If you're attending the Monaco GP, this is one event you cannot miss. SUNSET is a beach party hosted between 5th-7th May 2023 in Miami and 26th-28th May 2023 on the private beach of Le Méridien Beach Plaza in Monaco. This year, the legendary party celebrates its 10th anniversary. Here, you can expect an impressive lineup of music artists and theatrical shows.
Miami Race Nights

When it comes to parties, the Miami GP is not far behind. It's known for organizing various star-studded events across the city, one of them being the Miami Race Nights. Hosted at the Fontainebleau Miami Beach, the Race Nights include live concerts, with stars such as Calvin Harris, David Guetta, Morten, Plastik Funk, and Loud Luxury having graced the event with their presence in the past. To secure a spot, you can pay $300 for general admission, while VIP packages start from $5000 onwards.
New Rules and Changes

This season promises a multitude of new regulations, as well as the launch of new cars and team reshuffles. Let's take a look at them!

Following Zhou Ganyu's crash during the British GP in 2022, the 2023 Technical Regulations require a rounded top on the roll hoop. This aims to reduce the probability of it digging into the ground in the event of an accident and ensure a minimum height for the point of application of the homologation test.

Teams now have more leverage to cool fuel in their cars. Starting in 2023, cars cannot have fuel colder than 10 degrees Celsius below the ambient temperature or 10 degrees Celsius any time after the car has left the garage area.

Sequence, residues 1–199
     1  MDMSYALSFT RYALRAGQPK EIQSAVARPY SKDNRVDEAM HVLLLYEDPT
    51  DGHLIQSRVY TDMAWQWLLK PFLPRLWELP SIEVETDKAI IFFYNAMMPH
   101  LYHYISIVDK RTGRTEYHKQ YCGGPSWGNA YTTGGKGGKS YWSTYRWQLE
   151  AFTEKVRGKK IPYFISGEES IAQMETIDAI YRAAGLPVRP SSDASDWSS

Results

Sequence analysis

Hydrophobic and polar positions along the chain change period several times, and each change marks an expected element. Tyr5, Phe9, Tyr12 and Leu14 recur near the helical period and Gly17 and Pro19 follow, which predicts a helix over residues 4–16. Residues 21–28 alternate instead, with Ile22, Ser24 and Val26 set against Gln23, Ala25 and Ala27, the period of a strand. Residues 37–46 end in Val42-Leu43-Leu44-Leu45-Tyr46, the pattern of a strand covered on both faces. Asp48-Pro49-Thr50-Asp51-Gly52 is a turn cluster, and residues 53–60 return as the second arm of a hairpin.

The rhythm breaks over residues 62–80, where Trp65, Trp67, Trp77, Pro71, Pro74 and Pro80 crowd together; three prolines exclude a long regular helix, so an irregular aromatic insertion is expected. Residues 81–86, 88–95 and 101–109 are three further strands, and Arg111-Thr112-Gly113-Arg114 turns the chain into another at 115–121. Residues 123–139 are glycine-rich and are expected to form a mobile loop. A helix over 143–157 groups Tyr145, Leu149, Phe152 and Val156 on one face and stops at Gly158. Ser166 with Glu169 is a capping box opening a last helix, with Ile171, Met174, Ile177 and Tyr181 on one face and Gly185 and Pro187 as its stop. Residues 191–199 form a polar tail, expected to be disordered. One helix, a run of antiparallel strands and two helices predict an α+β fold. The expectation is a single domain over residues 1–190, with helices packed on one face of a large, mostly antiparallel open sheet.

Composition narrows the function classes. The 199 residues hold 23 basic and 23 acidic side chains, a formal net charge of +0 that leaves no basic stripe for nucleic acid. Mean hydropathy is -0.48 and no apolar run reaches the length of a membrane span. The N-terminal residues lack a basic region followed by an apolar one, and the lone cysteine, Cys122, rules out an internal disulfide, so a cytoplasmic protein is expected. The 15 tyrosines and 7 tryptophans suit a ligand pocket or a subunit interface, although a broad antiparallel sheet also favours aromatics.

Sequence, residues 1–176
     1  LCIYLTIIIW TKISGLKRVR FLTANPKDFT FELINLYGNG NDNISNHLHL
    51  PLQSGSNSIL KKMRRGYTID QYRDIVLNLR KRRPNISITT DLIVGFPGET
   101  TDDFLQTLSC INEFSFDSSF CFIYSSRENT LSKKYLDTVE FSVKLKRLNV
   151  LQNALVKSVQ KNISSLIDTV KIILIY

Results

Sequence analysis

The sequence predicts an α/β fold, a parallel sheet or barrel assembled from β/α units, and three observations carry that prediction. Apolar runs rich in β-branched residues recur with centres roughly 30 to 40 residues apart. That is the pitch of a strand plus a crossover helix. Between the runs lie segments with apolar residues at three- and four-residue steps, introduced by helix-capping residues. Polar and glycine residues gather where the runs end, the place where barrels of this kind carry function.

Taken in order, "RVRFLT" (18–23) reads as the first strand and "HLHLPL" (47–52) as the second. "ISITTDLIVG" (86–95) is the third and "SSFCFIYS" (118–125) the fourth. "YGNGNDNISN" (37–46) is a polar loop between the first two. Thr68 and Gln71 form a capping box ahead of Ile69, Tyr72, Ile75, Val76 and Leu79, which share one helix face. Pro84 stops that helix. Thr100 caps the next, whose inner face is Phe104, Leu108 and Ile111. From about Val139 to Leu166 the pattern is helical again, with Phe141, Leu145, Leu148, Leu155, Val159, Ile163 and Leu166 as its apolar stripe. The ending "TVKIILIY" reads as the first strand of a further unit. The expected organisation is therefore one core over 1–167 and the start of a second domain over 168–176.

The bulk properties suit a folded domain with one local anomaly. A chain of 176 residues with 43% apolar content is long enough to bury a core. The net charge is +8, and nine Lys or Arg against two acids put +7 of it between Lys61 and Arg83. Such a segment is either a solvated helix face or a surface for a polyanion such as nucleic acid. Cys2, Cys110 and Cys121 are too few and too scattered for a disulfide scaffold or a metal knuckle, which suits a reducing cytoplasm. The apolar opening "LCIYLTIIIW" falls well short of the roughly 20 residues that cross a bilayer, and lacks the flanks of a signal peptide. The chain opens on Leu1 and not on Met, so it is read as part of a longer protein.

The weight of all cars has been reduced by 2 kilograms from the 798kg limit to 796kg without fuel.

For all events that include sprints, the accident allowance has been fixed for each participating team. Furthermore, the forfeit allowance amount for every sprint has been increased to $300,000, while all other damage-related allowances have been removed.

Adjustments have also been made to diffusers and ride heights. Floor edges have been elevated by 15mm, while diffuser edge stiffness has been increased to monitor porpoising more effectively.
Player Lineups

Besides Red Bull, Mercedes, and Ferrari, all other teams have undergone major player reshuffles.

Following Sebastian Vettel's retirement, Fernando Alonso has moved from Aston Martin to Lance Stroll.

After the ousting of Daniel Ricciardo, Oscar Piastri has been inducted into McLaren, while Alpine bought Pierre Gasly from AlphaTauri for an all-French lineup with Esteban Ocon.